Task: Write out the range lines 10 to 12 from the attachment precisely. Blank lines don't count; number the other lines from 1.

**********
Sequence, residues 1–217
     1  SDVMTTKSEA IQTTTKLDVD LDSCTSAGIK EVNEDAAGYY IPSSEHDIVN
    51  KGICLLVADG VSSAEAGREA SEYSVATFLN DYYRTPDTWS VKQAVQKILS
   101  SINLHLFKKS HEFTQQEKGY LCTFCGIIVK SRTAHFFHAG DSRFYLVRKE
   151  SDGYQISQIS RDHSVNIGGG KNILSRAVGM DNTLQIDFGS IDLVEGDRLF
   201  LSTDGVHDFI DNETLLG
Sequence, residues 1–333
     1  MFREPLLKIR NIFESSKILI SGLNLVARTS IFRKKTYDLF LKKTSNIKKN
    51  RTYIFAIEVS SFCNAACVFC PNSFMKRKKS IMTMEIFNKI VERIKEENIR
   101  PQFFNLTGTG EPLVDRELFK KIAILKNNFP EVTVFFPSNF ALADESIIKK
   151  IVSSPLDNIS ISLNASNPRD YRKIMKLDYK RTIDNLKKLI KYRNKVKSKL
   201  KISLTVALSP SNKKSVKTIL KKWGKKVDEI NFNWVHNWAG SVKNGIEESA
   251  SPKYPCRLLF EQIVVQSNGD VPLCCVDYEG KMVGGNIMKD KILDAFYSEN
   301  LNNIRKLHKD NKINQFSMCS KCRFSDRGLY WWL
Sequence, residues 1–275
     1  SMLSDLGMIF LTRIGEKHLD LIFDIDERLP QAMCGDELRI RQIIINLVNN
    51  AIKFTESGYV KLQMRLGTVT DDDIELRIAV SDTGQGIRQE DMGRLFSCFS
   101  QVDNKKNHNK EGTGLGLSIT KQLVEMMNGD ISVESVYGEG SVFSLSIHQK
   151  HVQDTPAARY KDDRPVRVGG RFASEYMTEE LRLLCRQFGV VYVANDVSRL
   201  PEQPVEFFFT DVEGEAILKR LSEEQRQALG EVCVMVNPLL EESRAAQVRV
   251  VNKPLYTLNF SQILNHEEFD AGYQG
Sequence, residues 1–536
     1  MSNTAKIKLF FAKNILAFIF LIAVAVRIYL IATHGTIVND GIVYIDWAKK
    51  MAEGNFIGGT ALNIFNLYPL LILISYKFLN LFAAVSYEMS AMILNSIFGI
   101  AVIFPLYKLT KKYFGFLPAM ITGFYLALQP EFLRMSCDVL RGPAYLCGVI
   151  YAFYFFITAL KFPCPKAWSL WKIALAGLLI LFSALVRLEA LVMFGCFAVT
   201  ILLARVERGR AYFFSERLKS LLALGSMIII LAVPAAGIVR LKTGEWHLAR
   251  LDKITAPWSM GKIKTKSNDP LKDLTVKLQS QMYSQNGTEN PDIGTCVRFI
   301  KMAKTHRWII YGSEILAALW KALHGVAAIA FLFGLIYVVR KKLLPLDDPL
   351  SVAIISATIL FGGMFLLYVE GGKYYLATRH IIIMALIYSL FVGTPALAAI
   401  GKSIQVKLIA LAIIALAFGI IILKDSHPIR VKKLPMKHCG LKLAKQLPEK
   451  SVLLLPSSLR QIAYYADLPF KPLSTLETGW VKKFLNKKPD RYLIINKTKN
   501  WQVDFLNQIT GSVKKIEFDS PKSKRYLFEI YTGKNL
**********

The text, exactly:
   101  PQFFNLTGTG EPLVDRELFK KIAILKNNFP EVTVFFPSNF ALADESIIKK
   151  IVSSPLDNIS ISLNASNPRD YRKIMKLDYK RTIDNLKKLI KYRNKVKSKL
   201  KISLTVALSP SNKKSVKTIL KKWGKKVDEI NFNWVHNWAG SVKNGIEESA